Rescuing the financial system and the auto companies and passing the economic stimulus package wound up being politically unpopular, but each has worked as designed, Obama said. The banking system has stabilized, auto production is expected to be up 69 percent the first three months of this year over last year’s first quarter, even as GM has begun repaying loans from the government, and the stimulus program prevented the loss of an additional 2 million jobs and began the path toward recovery by acting as a bulwark against a deeper recession, Obama said.

(Although they disagree somewhat with the actual number of jobs saved, private-sector economists such as Macroeconomic Advisers, Mark Zandi of Moody’s and IHS/Global Insight agree with Obama’s assertion about the stimulus.)

Obama did not come merely to defend his policies. He announced $1.5 billion for the five states hardest hit by foreclosures, including Nevada, which was a gift to Sen. Harry Reid, the man charged with shepherding Obama’s legislative agenda through Congress. Obama seemed to take real pleasure in several shout-outs, both in Henderson and later on the Strip, to the U.S. Senate majority leader, who suffers from dismal poll numbers and is fighting for his political life.

At CityCenter, Obama helped Reid by quickly dispensing with the locals’ ire. He did not apologize for recent remarks that a family saving for college should not go blow money on Vegas, but he gave the city an endorsement: “I love Vegas,” he said to a standing ovation.

He then took on his critics, calling hypocrisy on Republicans who voted against the stimulus package only to turn around and attend ribbon-cuttings for federal projects in their districts.

“It’s a sight to see,” he said, eliciting laughter. “They’re up there cheesing and grinning. They’re trying to vote against their cake and eat it, too.”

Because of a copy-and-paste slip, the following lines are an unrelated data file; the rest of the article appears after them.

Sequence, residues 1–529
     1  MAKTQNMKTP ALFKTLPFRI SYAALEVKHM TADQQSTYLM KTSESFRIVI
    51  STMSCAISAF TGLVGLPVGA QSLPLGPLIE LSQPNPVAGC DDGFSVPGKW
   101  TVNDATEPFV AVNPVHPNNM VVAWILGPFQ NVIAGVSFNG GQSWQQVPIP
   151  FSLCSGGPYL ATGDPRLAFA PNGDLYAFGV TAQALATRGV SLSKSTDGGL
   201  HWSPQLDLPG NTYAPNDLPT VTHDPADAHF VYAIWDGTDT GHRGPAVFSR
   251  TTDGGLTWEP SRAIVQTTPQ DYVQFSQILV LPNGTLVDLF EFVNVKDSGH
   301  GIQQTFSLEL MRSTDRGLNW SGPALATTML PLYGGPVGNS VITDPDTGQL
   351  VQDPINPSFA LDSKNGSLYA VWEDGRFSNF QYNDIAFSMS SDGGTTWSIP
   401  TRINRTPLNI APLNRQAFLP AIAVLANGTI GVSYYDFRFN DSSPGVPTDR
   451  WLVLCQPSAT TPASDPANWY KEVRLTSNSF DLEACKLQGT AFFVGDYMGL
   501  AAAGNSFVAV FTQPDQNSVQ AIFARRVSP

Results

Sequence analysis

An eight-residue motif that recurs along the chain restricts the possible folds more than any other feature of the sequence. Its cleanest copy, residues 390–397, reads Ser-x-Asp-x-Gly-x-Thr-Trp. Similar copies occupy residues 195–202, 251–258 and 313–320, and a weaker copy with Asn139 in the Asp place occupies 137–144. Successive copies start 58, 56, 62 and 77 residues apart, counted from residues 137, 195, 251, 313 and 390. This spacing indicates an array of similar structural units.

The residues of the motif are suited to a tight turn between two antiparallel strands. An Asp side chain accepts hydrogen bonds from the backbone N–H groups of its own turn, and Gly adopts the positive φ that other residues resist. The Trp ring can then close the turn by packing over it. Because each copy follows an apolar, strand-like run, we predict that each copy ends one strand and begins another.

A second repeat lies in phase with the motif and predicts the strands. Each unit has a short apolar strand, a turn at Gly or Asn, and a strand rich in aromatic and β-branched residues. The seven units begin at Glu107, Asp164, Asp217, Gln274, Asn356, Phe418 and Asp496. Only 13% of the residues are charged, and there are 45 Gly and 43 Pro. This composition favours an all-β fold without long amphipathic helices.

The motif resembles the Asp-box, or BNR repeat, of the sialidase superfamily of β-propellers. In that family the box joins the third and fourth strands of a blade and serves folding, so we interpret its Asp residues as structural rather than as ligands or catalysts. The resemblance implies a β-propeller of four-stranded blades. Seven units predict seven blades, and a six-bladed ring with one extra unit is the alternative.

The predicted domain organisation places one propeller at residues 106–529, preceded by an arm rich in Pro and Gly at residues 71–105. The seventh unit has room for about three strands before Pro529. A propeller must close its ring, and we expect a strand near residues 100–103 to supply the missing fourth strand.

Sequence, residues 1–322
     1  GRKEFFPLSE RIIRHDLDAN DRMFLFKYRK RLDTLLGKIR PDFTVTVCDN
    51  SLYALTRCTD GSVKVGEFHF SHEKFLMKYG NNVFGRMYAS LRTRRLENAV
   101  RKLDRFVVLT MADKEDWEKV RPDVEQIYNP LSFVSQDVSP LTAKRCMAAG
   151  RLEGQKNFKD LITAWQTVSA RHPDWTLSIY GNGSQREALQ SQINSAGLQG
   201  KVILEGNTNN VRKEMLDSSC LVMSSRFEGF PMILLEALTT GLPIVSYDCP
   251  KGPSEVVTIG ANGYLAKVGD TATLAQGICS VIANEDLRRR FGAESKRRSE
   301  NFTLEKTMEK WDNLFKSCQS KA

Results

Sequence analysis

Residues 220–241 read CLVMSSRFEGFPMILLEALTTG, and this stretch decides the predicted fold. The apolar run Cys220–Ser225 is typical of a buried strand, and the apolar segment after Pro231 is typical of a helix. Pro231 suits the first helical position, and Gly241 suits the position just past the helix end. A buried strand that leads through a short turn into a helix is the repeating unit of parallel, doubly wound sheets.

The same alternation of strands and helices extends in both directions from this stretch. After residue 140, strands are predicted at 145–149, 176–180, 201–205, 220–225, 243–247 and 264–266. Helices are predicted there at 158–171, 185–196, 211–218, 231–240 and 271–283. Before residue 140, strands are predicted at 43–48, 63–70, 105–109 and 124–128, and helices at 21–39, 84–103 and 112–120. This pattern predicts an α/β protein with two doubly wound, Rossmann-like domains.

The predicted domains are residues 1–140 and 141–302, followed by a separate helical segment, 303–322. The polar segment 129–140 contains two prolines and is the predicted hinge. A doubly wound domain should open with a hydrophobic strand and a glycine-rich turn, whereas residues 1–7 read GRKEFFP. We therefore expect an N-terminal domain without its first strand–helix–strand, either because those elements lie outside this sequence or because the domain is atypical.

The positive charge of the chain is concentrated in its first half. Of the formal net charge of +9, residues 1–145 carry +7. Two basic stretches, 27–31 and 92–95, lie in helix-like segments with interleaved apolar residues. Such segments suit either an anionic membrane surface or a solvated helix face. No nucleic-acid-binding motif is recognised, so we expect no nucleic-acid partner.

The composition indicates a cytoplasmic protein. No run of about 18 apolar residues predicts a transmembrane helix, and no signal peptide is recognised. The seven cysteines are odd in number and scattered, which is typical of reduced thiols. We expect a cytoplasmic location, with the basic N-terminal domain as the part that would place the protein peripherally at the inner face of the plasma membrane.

The recalibrated Obama message machine appears to have emboldened the president, who made several calls Friday for a renewed push on health care.

Obama also took aim at Republicans who have decried his administration’s agenda as socialist.

“There are those who suggest that the only way government can promote strong markets is to allow them to operate wholly outside even the most modest rules of the road, even the most sensible reform,” he said, citing Republican opposition to health care reform and financial regulation. “While I respect those who sincerely hold this view, the facts, and our history, do not favor this argument.”

He said the role of the federal government is to bolster the free market, not stifle it.

He placed the stimulus in a long line of popular government programs aimed at catalyzing the economy and helping Americans pull themselves up. He cited the creation of Social Security and the Federal Deposit Insurance Corp. in the wake of the Great Depression, the GI Bill after World War II, as well as the building of highways and railroads.

“At those moments, government has stepped in not to supplant private enterprise, but to catalyze it — to create the conditions for entrepreneurs and new businesses to adapt and ultimately to thrive,” Obama said.

Las Vegas, he said, is a living example. The city grew and thrived because of a combination of private investment and a strong regulatory structure, he said.

Not all is well here, however.

And there’s the rub for Obama, and more important, for Reid. For all of Obama’s powers as a communicator, the reality is unchanged: Nevada job losses accelerated at the close of 2009.

That clash between rhetoric and reality created a perfect synergy with Republican attacks.

In a news release, Republican National Committee spokesman Jahan Wilcox asked, “Do you truly believe that Harry Reid’s $862 billion stimulus has worked for Nevada? Because since the legislation was signed into law, Nevada has lost over 65,000 jobs and unemployment has risen from 10 to 13 percent.”

How voters view that question, and whether conditions change between now and November, will determine the fate of Reid, and, quite possibly, the Obama presidency.

Sun reporter Lisa Mascaro contributed to this report from Washington.